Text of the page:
In this typical patient, all aspects of her cardiovascular risk must be addressed as well as her self-image. Motivation should be provided to improve her physical well-being by promoting an exercise programme she can follow, as well as dietary advice to reduce carbohydrate intake, especially of high glycaemic index foods.
She will require aggressive therapy to control her blood pressure to a target level of <130/85mmHg using an ACE inhibitor/CCB combination ± indapamide. If this target is still not achieved, and her pulse rate is elevated, a selective β-blocker like bisoprolol can be added to reduce the pulse rate to <72bpm.
She will require a target LDLc of < 2.5mmol/l initially and if CV disease is found, LDLc < 1.8mmol/l, TG < 1.7mmol/l, and HDLc > 1.2mmol/l. Her ideal HbA1c level is < 7% without causing hypoglycaemia, with a FBG < 6mmol/l and a two-hour postprandial level of <7.8mmol/l.
This patient can really improve her quality of life, as well as her life expectancy, by addressing these risk factors.
Case study 2:
A T2DM patient with atherosclerotic CV disease, chronic kidney disease or heart failure, who presents at a three-monthly visit with poor glycaemic control while receiving metformin and gliclazide MR
Patient: Mr G K, aged 64 years
- Presents with a history of T2DM, treated for the last eight years on metformin 1g bd and gliclazide MR 60mg bd
- HbA1c level is 8.4% on this treatment
- Heart failure symptoms with LV dysfunction present
- Ejection fraction of 35%
- NYHA class 3 symptoms on diuretics, ARB, β-blocker (bisoprolol), statin therapy and aspirin
- Blood pressure 102/56mmHg
- Resting pulse rate of 62bpm, with atrial fibrillation
- LDLc 1.8mmol/l
- HDLc 1.1mmol/l
- TG 1.6mmol/l
- Retinopathy currently controlled following bevacizumab injections
- Impaired renal function with an eGFR: 44ml/min/1.73m2
- Normal Na+ and K+ levels
What do you do now?
8. The additional choice of diabetic medication for this patient should include:
9. Choose the INCORRECT answer: As the heart failure may be associated with worsening renal function, the patient should avoid the following:
10. As the patient will require regular follow-up, which of the following blood tests must be done at least every six months?
11. The patient visits the rooms and now presents with worsening fatigue and dizziness. What should be considered?
View Expert Comment »
The patient with diabetes and ischaemic heart disease must be seen regularly and all comorbidities must be considered and managed carefully. Diabetic control must be set at a level with a low risk of hypoglycaemia, as the patient will be at increased risk of arrhythmias. It would be better to aim for a HbA1c of 7.5-8%, using medication with a low hypoglycaemia risk, such as a DPP4 inhibitor, SGLT-2 inhibitor or GLP-1 RA.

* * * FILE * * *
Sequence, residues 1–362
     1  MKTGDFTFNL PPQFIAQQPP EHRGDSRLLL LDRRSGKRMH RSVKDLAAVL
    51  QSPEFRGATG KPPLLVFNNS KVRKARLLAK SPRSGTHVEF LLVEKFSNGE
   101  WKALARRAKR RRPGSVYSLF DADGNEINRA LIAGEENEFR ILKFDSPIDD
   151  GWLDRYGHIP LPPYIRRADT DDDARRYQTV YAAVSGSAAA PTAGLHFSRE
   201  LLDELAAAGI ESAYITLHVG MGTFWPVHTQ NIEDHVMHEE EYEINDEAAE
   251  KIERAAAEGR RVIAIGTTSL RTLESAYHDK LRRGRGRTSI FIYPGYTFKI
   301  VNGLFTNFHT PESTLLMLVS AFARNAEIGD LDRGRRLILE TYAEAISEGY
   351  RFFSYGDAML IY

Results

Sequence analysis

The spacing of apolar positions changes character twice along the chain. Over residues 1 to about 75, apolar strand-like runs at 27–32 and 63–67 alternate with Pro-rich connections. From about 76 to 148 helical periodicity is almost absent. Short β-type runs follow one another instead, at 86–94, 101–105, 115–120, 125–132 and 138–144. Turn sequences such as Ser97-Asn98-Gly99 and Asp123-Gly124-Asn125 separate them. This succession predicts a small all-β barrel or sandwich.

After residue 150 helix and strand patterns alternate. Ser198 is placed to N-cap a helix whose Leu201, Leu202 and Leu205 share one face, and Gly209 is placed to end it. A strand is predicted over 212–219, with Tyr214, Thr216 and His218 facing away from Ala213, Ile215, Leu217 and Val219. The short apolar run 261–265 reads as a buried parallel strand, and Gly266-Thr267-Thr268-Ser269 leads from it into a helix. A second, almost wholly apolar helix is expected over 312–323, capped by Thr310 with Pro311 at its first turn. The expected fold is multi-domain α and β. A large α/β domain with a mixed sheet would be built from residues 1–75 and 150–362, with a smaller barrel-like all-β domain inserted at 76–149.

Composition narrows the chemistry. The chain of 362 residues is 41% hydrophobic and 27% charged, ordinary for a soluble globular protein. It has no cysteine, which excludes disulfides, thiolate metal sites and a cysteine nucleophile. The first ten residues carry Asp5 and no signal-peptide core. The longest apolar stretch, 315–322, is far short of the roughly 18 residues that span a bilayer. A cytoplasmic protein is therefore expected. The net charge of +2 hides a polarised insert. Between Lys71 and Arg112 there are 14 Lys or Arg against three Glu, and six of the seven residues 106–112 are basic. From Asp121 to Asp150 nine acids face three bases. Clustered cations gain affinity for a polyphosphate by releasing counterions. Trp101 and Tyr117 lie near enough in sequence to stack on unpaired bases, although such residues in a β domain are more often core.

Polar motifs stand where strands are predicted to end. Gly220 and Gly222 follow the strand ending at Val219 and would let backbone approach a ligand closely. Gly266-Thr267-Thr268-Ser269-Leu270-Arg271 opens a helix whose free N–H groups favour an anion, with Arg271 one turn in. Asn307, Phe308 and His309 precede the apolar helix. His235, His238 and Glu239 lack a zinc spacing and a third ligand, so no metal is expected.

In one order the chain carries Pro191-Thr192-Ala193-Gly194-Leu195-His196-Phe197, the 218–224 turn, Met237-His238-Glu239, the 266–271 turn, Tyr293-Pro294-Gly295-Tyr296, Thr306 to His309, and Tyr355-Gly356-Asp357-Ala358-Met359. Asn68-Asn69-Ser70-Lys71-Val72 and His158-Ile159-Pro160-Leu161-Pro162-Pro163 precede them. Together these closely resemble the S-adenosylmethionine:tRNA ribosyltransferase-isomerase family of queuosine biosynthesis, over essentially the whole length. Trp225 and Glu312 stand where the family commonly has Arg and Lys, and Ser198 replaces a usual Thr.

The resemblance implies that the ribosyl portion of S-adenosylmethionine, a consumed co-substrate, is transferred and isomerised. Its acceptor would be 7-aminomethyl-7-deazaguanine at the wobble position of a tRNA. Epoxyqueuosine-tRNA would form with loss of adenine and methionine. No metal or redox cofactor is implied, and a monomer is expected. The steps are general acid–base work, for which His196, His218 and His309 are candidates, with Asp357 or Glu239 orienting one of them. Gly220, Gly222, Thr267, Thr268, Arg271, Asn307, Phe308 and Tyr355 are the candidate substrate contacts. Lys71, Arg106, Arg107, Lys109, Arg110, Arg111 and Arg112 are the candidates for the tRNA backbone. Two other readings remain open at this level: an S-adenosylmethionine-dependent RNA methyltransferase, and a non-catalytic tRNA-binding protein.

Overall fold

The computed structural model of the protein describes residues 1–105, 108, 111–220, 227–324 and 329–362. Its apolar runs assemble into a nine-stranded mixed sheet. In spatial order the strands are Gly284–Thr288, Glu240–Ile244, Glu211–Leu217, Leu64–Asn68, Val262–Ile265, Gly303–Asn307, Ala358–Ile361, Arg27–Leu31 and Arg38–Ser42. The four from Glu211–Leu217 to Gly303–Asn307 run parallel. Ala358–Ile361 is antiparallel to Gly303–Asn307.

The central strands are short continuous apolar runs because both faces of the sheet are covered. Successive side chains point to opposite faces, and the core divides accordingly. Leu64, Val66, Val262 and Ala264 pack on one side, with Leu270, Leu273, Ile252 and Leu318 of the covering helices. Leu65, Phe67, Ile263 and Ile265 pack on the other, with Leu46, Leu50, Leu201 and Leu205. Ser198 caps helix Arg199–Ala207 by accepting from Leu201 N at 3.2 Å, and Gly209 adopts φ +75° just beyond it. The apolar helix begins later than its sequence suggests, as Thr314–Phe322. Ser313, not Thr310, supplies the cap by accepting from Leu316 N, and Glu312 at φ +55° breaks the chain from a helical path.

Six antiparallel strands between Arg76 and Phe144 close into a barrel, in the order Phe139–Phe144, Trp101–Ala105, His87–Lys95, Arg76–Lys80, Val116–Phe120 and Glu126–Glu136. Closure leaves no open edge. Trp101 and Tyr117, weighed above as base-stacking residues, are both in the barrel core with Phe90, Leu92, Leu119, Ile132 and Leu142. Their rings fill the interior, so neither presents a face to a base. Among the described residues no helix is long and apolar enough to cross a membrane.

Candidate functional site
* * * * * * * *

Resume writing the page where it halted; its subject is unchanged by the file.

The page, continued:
Heart failure may require an ACE inhibitor/ARB combined with prudent diuretic use, such as spironolactone with careful K+ monitoring and a β-blocker. A target pulse rate of < 72bpm should ideally be achieved.
Lipid therapy should aim for a target LDLc of < 1.8mmol/l in this setting. Again, a SGLT-2 inhibitor would be an ideal add-on therapy to metformin, provided the eGFR is not <30ml/min/1.73m2.
At visit nine months later, after telephonic communication on progress – adjustment of therapy is required.
12. Once the patient is on metformin/ DPP4 inhibitor, combined with SGLT-2 inhibitor, and HbA1c is still not controlled, you can do the following:
View Expert Comment »
*Additional options will be available soon with the launch of dulaglutide. Dulaglutide is a GLP-1 RA with a once-weekly dosing regimen. Insulin degludec/liraglutide is an insulin/GLP-1 RA combination.
13. If the patient develops postural hypotension, it could be due to?
14. Choose the INCORRECT answer: The ideal HbA1c level in this patient will be influenced by:
15. Choose the INCORRECT answer: Insulin choices for the complex patient may include:
View Expert Comment »
Metformin should be continued in a patient with CV disease and uncontrolled T2DM. The addition of a SGLT-2 inhibitor or GLP-1 RA gives significant benefits in this type of patient as well as improving or preserving renal function. These agents improve cardiac function, improve LV function, protect renal function and at the same time improve glycaemic control safely.
Insulin must be used with care and careful consideration as to the best insulin preparation available; for example, improved long-acting insulin formulations such as degludec and glargine 300U/ml, or a GLP-1 RA/insulin combination, such as degludec and liraglutide. Pre-mixed insulin formulations have also improved, with the advent of IDegAsp, and these agents should be considered preferred alternatives in complex patients where hypoglycaemia and weight gain must be avoided.5